"I'm the One" the strutting soul tune that closes the first act of "Venus," came right out of what Chan Poling calls his suitcase of songs.
When he played with the legendary Minneapolis new wave group The Suburbs, Poling would generally take lead vocal on his own material. Now he's more inclined to write for characters that inhabit musicals.
In "Venus," two of the main characters occupy the same body.
Maggie is a middle-aged scientist employed by a cosmetics conglomerate who discovers an elixir of youth. She transforms into Venus, a super model/pop star who spends the rest of the musical finding her way back to her friends, family and her real self.
Poling says a lot of themes pop up along the way.
"Celebrity, glamour, truth, beauty, privacy, sexism, ageism, love, it's all there," he said.
But Poling is quick to add that "Venus" is not a morality tale or empowerment art. It's a romantic, musical comedy and what audiences take from it, apart from what Poling hopes will be a good time, is up to them.
"I want them to bring their own selves to it and come away with what they want to come away with what they want to come away with, and not be told, it's boring to hit people over the head," he said.
"Venus" is one of six Chan Poling musicals in various stages of completion, and it's ten years in the making. It's also the only one in which Poling wrote the music, lyrics and the script.
He's loved musical theater ever since his dad used to bring Poling to New York to see Broadway shows. He's also moved to write them because he finds the modern rock musical to be somewhat lacking.
After seeing shows like "Rent" and "Spring Awakening," he came away feeling that: "The rock music part of it was pretty lame," he said. "It was more like musical theater guys trying to write rock music. So I thought what if I came and I brought some really exciting visceral pop songs to the theater, maybe I could change that."
So far, critics haven't been too kind to "Venus." After seeing a preview performance, Dominic Papatola of the St. Paul Pioneer Press wrote that it was "contrived, by-the-numbers, and disappointing." Nonetheless, the PG-13 musical may already have a built-in audience, teenaged girls.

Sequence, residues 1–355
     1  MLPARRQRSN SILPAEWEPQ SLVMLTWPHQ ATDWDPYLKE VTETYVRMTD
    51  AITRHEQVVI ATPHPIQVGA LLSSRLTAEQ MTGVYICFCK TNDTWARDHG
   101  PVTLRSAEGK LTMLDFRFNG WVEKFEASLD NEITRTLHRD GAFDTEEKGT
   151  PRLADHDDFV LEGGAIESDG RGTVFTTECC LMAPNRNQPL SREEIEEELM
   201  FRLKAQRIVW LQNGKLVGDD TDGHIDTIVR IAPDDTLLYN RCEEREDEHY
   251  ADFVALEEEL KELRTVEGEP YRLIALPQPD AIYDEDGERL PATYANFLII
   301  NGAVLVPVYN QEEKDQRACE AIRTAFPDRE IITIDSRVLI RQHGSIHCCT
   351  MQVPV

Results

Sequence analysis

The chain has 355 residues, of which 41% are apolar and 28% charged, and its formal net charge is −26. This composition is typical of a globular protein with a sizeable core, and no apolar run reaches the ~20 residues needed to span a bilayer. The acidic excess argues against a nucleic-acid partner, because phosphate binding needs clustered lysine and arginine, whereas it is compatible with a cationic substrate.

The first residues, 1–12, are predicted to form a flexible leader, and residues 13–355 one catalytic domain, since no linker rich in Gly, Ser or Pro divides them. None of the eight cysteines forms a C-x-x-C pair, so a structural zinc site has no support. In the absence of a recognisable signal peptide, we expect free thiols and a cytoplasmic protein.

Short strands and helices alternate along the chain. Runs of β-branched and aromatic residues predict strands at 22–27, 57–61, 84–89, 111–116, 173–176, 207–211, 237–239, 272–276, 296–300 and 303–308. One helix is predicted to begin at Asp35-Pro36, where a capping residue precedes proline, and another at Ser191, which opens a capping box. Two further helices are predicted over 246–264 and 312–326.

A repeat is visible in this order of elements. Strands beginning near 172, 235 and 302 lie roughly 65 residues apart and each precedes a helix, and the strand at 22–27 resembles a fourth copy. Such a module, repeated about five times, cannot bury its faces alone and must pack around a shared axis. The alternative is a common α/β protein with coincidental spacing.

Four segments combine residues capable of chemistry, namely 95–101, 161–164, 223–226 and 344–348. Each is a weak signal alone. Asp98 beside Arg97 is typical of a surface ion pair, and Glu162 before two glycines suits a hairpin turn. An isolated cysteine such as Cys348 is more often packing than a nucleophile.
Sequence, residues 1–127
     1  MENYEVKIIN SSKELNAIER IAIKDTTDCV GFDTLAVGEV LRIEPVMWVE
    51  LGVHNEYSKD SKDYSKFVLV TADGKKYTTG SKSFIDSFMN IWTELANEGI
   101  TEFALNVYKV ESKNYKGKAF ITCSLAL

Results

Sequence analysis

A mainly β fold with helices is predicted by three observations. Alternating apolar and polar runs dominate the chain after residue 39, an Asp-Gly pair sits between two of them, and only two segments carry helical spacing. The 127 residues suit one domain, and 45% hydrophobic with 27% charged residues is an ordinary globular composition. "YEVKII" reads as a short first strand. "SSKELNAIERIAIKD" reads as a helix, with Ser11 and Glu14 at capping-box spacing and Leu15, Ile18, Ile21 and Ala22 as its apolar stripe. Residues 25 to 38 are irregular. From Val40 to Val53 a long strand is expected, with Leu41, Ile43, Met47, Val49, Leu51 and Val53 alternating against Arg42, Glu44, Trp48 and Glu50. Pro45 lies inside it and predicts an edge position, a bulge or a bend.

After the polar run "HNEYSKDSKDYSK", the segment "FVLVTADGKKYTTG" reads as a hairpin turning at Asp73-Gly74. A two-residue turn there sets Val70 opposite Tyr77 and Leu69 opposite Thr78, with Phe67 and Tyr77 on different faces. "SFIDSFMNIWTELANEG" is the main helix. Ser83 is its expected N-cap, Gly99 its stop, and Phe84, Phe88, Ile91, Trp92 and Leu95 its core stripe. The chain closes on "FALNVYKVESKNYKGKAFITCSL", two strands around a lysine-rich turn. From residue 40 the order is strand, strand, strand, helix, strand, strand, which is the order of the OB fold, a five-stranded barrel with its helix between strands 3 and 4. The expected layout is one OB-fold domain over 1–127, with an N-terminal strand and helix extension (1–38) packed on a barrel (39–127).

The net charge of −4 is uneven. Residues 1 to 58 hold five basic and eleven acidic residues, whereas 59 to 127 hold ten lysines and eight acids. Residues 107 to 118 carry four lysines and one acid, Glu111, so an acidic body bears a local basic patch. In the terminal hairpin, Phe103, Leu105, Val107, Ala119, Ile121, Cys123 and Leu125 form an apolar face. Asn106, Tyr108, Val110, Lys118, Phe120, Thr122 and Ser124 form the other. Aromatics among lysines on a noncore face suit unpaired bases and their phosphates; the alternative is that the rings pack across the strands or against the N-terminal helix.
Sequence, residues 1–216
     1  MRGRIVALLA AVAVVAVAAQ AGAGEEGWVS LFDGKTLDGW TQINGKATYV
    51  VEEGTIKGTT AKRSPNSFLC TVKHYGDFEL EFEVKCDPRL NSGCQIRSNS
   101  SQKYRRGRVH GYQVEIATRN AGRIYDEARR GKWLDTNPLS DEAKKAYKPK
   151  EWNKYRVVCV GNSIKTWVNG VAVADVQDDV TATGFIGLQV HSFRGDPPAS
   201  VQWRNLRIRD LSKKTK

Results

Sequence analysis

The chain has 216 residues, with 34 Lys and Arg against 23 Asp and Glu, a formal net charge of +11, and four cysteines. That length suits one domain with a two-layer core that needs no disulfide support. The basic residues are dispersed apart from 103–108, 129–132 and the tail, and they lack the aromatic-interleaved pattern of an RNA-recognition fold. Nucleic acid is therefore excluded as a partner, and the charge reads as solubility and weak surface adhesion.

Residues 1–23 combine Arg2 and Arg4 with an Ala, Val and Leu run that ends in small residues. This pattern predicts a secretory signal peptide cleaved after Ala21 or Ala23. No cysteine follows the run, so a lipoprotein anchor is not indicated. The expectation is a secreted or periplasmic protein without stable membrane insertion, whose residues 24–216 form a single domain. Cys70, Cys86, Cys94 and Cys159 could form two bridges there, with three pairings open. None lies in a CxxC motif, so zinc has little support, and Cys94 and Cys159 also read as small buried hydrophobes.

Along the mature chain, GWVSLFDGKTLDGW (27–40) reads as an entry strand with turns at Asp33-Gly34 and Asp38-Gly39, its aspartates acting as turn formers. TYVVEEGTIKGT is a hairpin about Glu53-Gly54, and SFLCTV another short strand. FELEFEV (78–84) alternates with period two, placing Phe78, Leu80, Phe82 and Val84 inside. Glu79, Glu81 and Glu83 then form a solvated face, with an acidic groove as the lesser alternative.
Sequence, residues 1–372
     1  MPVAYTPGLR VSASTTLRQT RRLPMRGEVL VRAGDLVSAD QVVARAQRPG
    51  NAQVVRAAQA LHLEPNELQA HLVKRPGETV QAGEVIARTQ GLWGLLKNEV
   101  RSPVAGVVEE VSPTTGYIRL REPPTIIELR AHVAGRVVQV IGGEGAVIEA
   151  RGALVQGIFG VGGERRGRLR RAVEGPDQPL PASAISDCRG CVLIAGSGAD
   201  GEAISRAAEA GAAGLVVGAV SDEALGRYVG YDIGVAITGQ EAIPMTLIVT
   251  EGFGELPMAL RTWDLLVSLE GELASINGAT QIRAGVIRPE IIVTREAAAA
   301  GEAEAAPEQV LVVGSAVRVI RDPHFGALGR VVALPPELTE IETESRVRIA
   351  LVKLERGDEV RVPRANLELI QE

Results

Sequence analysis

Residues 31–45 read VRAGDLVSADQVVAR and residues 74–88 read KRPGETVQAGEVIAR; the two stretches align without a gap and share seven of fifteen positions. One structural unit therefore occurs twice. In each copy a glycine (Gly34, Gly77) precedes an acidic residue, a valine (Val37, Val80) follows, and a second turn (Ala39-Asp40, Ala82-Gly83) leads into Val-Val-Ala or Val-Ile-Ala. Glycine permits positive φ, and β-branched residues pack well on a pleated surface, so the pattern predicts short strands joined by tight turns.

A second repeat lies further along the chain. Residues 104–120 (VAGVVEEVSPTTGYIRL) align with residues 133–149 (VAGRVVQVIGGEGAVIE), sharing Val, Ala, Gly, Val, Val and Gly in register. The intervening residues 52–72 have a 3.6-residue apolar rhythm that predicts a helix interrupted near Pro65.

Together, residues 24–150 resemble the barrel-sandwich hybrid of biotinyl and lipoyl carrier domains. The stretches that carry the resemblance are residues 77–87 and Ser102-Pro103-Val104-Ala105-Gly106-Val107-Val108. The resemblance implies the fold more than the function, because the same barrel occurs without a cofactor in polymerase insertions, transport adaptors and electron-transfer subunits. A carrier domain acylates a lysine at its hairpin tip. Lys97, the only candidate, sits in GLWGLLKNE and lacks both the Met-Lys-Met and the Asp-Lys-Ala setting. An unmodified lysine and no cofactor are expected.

"I was so excited to hear about this musical Venus," said Nancy Gruver, founder of New Moon Girls, an online magazine and community for girls aged 8 to 15.
Finally, said Gruver, entertainment that addresses notions of self worth, beauty and social acceptance, issues popular culture doesn't adequately deal with.
"Number one, I love that this is a musical," she said. "It's not a drama. It's fun and it really presents some things women and girls grapple with day to day in their lives, in a way that is empowering and not depressing."
"Venus" presenters have been reaching out to Twin Cities schools, colleges and the YWCA to bring girls and young women to the show.
Not surprisingly, Chan Poling's ultimate aim is for "Venus" to make it to Broadway. He and a small group of investors have put up over a $100,000 to mount the production, and he's been in touch with contacts in New York.
But to maintain interest, butts must somehow find their way to the seats of the Ritz Theater before "Venus" finishes its run on May 24th. Poling finds parallels to the music business.
"To me it's like making a rock and roll record, he said. "It's like, you get your band together, you go in the studio, you make a record, you go out on stage and perform it, and then if people like it and you sell records, you're working."
Poling figures to break even and possibly make a small profit, they'll have to sell just about every ticket.